WinUI 3 is a UI layer that takes the decoupled UWP XAML Visual Layer, the WinUI 2 library, and combines it with more modern features and capabilities. This layer can be used in any Desktop app or UWP app.
Microsoft has been working closely with developers on developing and expanding the library, but ran into a brouhaha over the last few weeks on GitHub after removing the Pivot control from the collection.
The control was removed without any notice, with Microsoft citing low usage and that Microsoft wanted to move Fluent design into a different direction.
Microsoft’s own apps however use the control heavily, including the feedback hub for example, and developers complained that replacing the functionality in existing apps would be a lot of work, accusing Microsoft of not properly understanding the needs of developers.
Specifically, they accused Microsoft of:
- Not properly understanding what the Pivot was being used for in all cases (creating a feature gap)
- Not communicating ahead of time big changes like this (as you acknowledged) so you can understand impact and all viewpoints
- Making decisions like this based on resource constraints at Microsoft and not considering the significantly higher amount of resources required of your customers to work-around this
- Making changes like this based solely on the direction of the design and PM teams. Developers (or your customer) need to have a stronger voice and should be able to overrule both in this case.
- Using highly suspect data to justify a decision you already wanted to make
After digging in their heels a bit, Microsoft’s Ryan Demopoulos, Principal Program Manager Lead, has now however posted an apology and a retraction, saying:
I’ve spent the last couple days reflecting on this. As mentioned on the Community Call, I’m regretful of how we handled the removal of Pivot. Let me elaborate on this a bit:
WinUI is a product with its own ambitions. The reason we removed Pivot wasn’t because of low usage—we removed it because we want to evolve the product (and Fluent design itself) in a different direction. It absolutely was the case of us making an a priori decision to remove it, and we consulted our telemetry to try and determine whether we could safely do this without too much disruption. We’re fully aware of its usage in inbox apps since we work closely with those teams. In terms of raw external (3rd-party) numbers, it is not highly used, and so we felt—incorrectly—that that we could remove it without causing much stress.
That was obviously poor judgment. The error is my responsibility, and from now on I’ll endeavor to consult with the community on any features we remove, to the best of my ability. There will be times when we want to change product direction, and Pivot is a good example: we still want to move away from Pivot long term and have better alternatives in place for it. But we also owe it to you, our community, to consult with you before we take actions like that and to listen and adapt our solutions so you aren’t left completely high and dry. We fell short on this and I apologize.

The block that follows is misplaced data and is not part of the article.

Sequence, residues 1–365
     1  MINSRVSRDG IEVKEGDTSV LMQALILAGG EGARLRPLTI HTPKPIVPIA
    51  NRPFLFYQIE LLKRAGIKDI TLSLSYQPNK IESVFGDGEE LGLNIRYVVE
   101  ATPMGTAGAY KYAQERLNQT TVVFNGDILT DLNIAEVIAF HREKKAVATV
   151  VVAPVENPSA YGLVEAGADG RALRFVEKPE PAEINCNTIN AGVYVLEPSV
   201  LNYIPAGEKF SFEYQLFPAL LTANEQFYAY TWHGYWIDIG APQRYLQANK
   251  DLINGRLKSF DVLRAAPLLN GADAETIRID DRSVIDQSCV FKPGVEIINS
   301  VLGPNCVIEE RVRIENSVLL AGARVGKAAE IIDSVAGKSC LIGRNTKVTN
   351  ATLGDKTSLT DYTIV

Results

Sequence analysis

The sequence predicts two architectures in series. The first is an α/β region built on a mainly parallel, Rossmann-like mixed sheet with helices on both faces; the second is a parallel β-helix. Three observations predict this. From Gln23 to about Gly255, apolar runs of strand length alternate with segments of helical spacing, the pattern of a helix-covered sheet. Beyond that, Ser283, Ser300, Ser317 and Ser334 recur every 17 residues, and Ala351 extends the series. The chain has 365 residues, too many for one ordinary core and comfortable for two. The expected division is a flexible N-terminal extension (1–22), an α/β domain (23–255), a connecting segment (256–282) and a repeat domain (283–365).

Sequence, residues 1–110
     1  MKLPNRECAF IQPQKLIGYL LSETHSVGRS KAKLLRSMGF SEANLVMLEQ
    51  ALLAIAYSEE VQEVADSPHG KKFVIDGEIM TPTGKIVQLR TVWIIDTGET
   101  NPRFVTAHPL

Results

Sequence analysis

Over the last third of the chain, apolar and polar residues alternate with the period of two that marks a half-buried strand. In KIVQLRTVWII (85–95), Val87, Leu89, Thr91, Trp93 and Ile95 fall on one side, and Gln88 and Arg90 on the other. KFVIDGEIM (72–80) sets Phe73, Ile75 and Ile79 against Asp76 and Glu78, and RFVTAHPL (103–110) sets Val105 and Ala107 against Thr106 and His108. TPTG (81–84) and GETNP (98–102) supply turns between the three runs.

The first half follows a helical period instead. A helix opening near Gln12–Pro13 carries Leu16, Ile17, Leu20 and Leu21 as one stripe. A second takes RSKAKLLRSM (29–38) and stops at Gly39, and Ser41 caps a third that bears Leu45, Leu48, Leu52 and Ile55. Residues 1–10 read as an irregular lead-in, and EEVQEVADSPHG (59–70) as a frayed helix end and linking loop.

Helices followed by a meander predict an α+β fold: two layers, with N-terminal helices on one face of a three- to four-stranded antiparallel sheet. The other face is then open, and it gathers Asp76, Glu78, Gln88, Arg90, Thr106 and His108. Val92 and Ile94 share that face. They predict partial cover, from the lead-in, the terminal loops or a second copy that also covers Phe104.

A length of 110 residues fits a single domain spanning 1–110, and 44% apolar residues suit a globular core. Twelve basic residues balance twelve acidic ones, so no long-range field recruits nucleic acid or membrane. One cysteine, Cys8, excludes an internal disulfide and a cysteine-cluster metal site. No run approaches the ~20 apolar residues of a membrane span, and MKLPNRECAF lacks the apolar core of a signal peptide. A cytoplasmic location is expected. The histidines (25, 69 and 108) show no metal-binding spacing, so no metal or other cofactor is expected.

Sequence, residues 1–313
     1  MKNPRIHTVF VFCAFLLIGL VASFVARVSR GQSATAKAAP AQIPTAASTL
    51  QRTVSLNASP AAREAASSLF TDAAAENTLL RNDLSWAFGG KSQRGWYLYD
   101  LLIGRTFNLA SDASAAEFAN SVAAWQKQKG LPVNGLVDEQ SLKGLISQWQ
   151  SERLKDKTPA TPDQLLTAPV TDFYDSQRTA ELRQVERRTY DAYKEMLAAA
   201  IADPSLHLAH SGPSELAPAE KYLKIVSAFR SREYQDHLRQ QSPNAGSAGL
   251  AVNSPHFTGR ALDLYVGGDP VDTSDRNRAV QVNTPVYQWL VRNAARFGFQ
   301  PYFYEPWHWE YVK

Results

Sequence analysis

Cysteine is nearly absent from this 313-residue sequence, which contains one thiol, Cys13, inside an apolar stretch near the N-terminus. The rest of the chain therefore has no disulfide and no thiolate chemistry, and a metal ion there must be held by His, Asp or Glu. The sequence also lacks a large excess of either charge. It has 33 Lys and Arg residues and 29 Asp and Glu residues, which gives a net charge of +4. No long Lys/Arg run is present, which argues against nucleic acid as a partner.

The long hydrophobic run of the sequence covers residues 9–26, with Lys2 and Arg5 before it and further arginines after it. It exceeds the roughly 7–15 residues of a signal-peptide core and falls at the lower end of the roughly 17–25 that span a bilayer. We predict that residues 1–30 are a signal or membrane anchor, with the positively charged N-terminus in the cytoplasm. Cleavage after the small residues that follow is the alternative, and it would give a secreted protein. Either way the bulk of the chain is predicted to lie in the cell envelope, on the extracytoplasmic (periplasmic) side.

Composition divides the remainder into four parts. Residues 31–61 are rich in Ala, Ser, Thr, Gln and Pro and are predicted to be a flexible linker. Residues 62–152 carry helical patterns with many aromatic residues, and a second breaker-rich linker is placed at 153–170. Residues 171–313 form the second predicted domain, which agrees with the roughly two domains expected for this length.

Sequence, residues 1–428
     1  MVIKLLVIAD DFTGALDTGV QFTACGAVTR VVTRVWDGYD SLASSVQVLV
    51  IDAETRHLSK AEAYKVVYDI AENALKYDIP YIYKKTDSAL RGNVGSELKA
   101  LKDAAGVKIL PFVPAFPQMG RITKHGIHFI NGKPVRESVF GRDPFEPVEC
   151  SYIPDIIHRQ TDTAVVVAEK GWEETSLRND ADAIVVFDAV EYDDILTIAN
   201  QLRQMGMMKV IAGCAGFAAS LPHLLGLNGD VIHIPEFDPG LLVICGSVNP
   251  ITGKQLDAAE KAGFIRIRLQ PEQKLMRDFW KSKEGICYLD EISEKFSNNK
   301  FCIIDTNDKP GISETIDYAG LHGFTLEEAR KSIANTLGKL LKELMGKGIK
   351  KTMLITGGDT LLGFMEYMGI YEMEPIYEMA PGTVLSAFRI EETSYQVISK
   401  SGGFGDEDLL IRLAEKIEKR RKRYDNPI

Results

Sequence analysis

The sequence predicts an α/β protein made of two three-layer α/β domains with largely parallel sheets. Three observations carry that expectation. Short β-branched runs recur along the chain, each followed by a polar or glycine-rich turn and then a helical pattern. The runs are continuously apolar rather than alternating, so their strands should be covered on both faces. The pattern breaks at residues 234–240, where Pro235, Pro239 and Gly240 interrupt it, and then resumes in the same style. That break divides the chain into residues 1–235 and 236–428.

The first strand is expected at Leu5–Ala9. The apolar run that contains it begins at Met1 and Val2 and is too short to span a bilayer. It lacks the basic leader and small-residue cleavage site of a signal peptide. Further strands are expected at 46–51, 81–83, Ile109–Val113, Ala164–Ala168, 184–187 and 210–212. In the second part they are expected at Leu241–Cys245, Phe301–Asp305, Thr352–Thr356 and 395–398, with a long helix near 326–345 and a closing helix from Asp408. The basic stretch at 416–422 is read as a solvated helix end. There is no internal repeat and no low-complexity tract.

Below is a set of steps I’m proposing to correct this error. Before we implement them, I’d like your thoughts:
1. II think we should restore Pivot to WinUI 3 as soon as possible. It’s clear that customers are actively using it for important purposes, and us yanking it out of the product was frustrating & disruptive. We can alleviate that pain by restoring it asap. (that is likely to be in April, since Reunion 0.5 is too close to shipping and we can’t change the bits now)
2. I’d like to continue the discussion openly in this repo on how we can evolve WinUI beyond Pivot (and deprecate it), while ensuring suitable alternatives are in place. As many of you indicated, you don’t feel an adequate alternative is in place that warrants Pivot’s removal; let’s discuss how to get that in place so we can evolve WinUI past it, while making sure we all feel feel good about it too. My goal would be to do this before ~Oct 2021, since Reunion 1.0 will ship in Oct and we very much would like to deprecate by that release so we aren’t forced to wait all the way until Reunion 2.0 ships (due to our commitment to SemVer versioning).
3. Finally, if October approaches and the community isn’t satisfied with the alternative(s) to Pivot that we’ve worked with you to define, then we’d remove it from WinUI and release the source code. This would be a backstop to allow anyone/everyone to use that source code however they please. An aspiring person could even port it to WCT if @michael-hawker feels it’s a fit ?. My hope is that we can work together to do better then just a source code dump, but I also want folks to know that we can at least keep this as a Plan B to ensure that Pivot doesn’t just disappear into the void.
I’d really appreciate your input on this proposed plan of action. You’re not flogging a dead horse; you’re expressing legitimate frustration/concern that is warranted, and I’m hopeful you’ll work with us to try doing this again the right way.
Microsoft will be returning the control to the collection, though they still intend to deprecate it in the future, but will release the source code for developers to continue using if they do not see any alternative.
Read the full thread at GitHub here.